With the Omicron Covid-19 variant spreading across the world, Professor Neil Ferguson has suggested we could see 5,000 Omicron deaths a day unless the UK introduces tighter restrictions. So how likely is his latest prediction?
Cases vs deaths
There is a relationship between Covid-19 cases and deaths and if you track them through the pandemic, deaths peak around 14-15 days after an identified infection. I have plotted cases and deaths since last September with the deaths line moved back 14 days and set the axis so the two lines peak around the same point during the second wave.
For the third wave, deaths did not increase anywhere near as high as they did previously. Several factors explain this, firstly the vaccine rollout in the UK, more people had natural immunity from prior infection, a higher proportion of cases were in younger people, and we were in the summer months.
It is good to see that the case fatality rate (deaths divided by cases) has reduced and for the last few weeks, it is around 0.28%. This means that for every 357 cases identified, there is around 1 death 14 days later. The case fatality rate differs from the infection fatality rate, with the latter being much smaller. This is because we do not identify every case in the country as many people with Covid-19 do not get tested as they have no or few symptoms. Using estimates from the ONS suggests the true number of infections is just over double what we identify in cases.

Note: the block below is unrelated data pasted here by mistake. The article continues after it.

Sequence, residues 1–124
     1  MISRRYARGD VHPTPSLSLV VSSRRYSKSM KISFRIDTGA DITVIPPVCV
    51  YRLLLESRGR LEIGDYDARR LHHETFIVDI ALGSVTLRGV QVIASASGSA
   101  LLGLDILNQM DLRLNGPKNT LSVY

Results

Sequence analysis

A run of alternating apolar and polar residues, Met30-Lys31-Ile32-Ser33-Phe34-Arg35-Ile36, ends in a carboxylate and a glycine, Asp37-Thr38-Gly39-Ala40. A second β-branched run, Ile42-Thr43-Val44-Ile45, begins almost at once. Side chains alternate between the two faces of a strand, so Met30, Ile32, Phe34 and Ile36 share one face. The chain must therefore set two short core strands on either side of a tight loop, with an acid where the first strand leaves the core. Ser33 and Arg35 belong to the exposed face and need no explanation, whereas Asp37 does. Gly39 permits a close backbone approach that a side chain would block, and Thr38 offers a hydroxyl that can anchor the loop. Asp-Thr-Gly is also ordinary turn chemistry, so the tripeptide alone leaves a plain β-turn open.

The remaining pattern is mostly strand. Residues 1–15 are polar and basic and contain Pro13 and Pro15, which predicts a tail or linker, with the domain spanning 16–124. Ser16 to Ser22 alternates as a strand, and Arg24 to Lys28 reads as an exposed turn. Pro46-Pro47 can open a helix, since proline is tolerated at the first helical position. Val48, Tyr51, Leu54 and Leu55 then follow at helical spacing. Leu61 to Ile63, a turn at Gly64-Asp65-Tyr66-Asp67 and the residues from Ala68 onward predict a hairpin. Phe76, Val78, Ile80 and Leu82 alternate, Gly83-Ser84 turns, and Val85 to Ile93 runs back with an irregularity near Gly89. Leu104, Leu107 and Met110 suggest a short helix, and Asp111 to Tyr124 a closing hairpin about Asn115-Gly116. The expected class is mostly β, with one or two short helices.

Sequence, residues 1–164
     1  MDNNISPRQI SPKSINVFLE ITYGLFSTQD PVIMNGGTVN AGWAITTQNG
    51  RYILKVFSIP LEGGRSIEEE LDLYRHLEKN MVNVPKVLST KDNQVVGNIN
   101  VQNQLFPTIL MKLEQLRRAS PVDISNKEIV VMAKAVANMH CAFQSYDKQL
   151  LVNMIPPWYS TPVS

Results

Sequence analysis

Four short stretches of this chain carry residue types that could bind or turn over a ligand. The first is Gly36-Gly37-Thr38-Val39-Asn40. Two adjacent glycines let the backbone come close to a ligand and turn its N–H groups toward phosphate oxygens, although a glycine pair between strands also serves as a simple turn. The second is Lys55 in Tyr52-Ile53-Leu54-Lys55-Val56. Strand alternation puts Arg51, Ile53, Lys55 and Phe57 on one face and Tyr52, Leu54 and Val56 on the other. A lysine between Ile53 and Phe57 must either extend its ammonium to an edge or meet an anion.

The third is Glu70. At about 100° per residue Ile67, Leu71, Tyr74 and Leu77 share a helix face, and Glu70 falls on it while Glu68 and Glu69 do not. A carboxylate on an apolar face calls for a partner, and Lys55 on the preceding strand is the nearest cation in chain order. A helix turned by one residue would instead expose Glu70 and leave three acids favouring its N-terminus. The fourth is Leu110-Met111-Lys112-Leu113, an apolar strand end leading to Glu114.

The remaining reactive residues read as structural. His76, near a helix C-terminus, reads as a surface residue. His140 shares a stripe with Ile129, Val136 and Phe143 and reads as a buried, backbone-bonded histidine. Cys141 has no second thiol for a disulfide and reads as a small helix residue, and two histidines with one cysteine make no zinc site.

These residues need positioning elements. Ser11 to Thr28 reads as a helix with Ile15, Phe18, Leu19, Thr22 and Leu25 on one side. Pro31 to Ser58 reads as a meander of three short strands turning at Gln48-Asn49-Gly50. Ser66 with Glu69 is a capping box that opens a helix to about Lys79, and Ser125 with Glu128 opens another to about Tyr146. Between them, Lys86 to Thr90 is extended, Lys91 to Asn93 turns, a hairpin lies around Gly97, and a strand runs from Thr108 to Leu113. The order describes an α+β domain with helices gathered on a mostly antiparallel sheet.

5,000 deaths per day
At the moment within the UK, the average rolling 7-day number of deaths is around 120 from around 43,000 cases 14 days earlier. If we assume the Omicron variant is as deadly as the Delta variant, I have plotted what would have to happen to the number of cases in the UK to arrive at 5,000 deaths per day shown in the chart below. For this to happen, the scale of increase would mean the chart of the past 21 months would be a mere blip on the chart.
Here I assume cases peak at the end of January, with deaths peaking mid-February. To get to 5,000 deaths, we would need an average of around 1.7 million cases per day at the end of January and the highest we have seen in the pandemic was on 17 December at 93,045. Therefore we need an increase in cases of 1823%.
But to get to 1.7 million cases per day, you need to see significant daily growth as it does not just happen overnight. If we assume the growth in cases is exponential, then by 31 January we would have seen around 25 million new Covid cases. So far through the pandemic, we have recorded 11.2 million, so Professor Ferguson must expect more than double the cases in the next 6 weeks than what we have identified over 21 months. Additionally, 25 million Covid-19 cases up to 31 January would actually mean 56 million infections (assuming the same rate of infections vs identified cases).
Various media outlets led with the 5,000 deaths a day headline unless we impose restrictions and sadly nobody checked the maths. To get to 5,000 deaths, we would need nearly 56 million infections across the population in just six weeks. We have issued 126 million vaccinations and the emerging evidence is that Omicron is less deadly (I have assumed it’s not for these calculations).
Sadly, the BBC often has this Professor on the airwaves across both their flagship TV and radio shows. If the journalists working there could smell how off the scale his numbers are, maybe they would give him a wide berth. If there is one thing Santa can do this Christmas, it is to deliver a new calculator to the Professor and for the media to stop using someone who through the headlines his numbers generate just instills unnecessary fear into the public.
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